Nick and Jenny Coghlan were also on a second circumnavigation, sailing on board Bosun Bird, a 27-foot Vancouver built in 1981. They emigrated from the United Kingdom to Canada in 1981, and they’d set sail from British Columbia on their first round-the-world trip in 1985 on a 27-foot Albin Vega. Nick, a linguist who was fluent in Spanish, was called on a few times to help us beginners when there was a tricky language issue. Over the previous two years, Nick had been the Canadian consul general in Cape Town, where they’d acquired Bosun Bird. We were planning to sail for South Africa, and Nick and Jenny were heading for Puerto Montt, in Chile, from where we’d come. We swapped stories and information over a number of sundowners.
Cor and Petra’s Simon de Dancer is a 16-ton, steel, Colin Archer-type ketch. She was built in 1985, and they bought her in 1998. She was in poor condition, and they worked on her evenings and weekends for six years in preparation for their extended cruise, which began in 2002. They cruise until the cash runs out, and they’ve already been back to Holland for some months to refill the kitty. Cor is an electrician, a skill much needed on board a cruising boat. However, Petra told us, laughing as she did, “He’ll never tidy up all the wires on our boat-only on other people’s boats.” They’d originally thought of going to the Caribbean, but then they decided that Brazil was a must. Dreams of Argentina and Chile slowly took shape. Now they’re sure they want to go south. Like everyone in Mar del Plata, they were buying parts and checking their rigging, sails, and engine.
Mar del Plata comes alive a few days before Christmas. By the end of December and into January, the roads are busy, the restaurants packed, and the hotels full. Thousands of Argentines flock from Buenos Aires to Mar del Plata, the main seaside resort. There’s a wonderful market in the port area, selling superb Argentine beef at a price most Europeans would pay for dog food! Excellent fruits and vegetables are grown on local farms. Whatever was in season was there, and it was cheap. You can choose from a huge variety of wines, too. We even found good-quality French champagne, made under license in Argentina, at $5 a bottle. At that price, special occasions came quite often.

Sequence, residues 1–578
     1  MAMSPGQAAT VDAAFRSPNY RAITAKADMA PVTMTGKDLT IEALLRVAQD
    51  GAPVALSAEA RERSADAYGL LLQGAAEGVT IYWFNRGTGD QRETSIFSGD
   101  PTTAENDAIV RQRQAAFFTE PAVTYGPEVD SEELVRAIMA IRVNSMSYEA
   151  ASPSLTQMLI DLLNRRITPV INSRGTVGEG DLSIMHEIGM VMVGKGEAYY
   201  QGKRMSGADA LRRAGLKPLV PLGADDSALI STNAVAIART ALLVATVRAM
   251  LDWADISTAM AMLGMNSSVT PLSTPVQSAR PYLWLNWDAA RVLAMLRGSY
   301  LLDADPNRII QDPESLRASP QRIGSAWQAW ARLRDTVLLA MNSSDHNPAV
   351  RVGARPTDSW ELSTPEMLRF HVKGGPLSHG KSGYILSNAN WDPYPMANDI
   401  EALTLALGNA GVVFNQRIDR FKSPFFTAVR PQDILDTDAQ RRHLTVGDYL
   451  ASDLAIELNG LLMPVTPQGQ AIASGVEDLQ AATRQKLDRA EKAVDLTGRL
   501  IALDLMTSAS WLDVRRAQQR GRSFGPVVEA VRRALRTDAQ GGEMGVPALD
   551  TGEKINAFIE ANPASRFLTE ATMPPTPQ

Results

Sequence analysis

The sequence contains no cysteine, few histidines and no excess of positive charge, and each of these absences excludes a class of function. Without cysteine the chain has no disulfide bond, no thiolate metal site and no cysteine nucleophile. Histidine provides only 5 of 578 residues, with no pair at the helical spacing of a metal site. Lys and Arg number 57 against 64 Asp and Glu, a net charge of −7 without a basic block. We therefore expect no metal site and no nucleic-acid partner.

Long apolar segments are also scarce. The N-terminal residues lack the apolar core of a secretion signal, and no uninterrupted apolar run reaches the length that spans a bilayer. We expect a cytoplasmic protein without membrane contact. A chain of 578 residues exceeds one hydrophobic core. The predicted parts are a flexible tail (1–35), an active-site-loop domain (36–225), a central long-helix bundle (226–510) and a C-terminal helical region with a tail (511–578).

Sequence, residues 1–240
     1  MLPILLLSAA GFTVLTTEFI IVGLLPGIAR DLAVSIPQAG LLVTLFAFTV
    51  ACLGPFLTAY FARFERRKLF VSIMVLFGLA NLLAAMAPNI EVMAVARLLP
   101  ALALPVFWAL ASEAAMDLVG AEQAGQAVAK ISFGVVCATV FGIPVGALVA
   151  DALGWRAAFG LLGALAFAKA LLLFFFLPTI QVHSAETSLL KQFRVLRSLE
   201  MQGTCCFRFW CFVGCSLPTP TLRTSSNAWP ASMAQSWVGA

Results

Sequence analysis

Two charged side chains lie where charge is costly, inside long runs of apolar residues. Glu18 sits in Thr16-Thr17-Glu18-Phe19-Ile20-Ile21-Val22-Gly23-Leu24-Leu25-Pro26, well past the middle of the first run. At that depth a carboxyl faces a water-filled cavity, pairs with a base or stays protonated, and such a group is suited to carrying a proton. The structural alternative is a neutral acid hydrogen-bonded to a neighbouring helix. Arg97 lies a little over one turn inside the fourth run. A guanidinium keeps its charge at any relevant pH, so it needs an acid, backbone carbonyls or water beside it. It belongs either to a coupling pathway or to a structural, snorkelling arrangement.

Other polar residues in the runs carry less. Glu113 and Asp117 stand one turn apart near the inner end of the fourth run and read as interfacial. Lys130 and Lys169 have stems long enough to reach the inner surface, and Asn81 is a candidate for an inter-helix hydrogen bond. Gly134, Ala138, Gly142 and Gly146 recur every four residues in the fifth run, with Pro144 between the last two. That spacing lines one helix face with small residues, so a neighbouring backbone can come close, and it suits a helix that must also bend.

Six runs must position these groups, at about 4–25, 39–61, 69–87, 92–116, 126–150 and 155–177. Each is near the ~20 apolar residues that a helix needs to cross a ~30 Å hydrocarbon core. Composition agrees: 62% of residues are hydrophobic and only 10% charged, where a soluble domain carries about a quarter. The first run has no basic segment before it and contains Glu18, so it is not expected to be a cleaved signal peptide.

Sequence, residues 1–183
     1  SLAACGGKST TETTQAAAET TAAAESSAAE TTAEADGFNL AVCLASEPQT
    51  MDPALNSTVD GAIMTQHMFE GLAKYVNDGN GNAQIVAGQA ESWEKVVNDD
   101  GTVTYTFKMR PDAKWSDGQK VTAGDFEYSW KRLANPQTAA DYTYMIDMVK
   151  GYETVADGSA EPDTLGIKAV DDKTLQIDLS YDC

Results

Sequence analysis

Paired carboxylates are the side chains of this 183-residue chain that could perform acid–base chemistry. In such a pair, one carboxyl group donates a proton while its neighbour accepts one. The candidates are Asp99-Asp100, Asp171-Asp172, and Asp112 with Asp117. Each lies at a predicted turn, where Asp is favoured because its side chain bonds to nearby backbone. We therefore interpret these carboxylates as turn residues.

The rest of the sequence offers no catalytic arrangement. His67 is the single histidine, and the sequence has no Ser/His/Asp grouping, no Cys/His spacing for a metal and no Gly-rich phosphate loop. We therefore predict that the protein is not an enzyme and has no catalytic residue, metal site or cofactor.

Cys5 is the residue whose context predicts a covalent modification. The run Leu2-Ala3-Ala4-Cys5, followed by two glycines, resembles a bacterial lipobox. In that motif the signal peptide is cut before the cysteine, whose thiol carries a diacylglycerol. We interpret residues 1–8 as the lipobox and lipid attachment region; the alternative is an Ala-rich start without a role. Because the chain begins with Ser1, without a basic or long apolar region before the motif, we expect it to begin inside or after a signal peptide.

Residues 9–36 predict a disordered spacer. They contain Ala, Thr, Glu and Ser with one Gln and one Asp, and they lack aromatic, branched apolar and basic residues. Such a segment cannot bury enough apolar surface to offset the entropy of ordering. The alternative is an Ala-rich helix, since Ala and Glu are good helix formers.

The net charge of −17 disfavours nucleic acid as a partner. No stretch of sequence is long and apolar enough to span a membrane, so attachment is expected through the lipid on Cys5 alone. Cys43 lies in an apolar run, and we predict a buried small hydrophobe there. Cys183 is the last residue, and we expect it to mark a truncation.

Our plans were to head east, across the South Atlantic, to Cape Town, South Africa. We did our usual preparations, varnishing the hull and just about all of the on-deck woodwork. We checked the sails and the rigging and filled the diesel and water tanks. Tom cleaned the hull and checked the prop. A week or so before our planned departure, we took Sunstone out for a trial sail for the first time in six months. We always feel it’s wise to test out the systems on a short sail after she’s been tied up for so long.
Many of our Christmas friends were on their way, and it was time for us to be going, too. We left Mar del Plata, on January 26, 2006, with memories of a wonderful stay, sociable parties with the other cruisers, and Argentine friends we’ll not forget. Ahead lay our longest passage yet-almost 3,800 miles to South Africa.
Vicky Jackson and her husband, Tom, left South Africa in October 2006 and headed for Western Australia.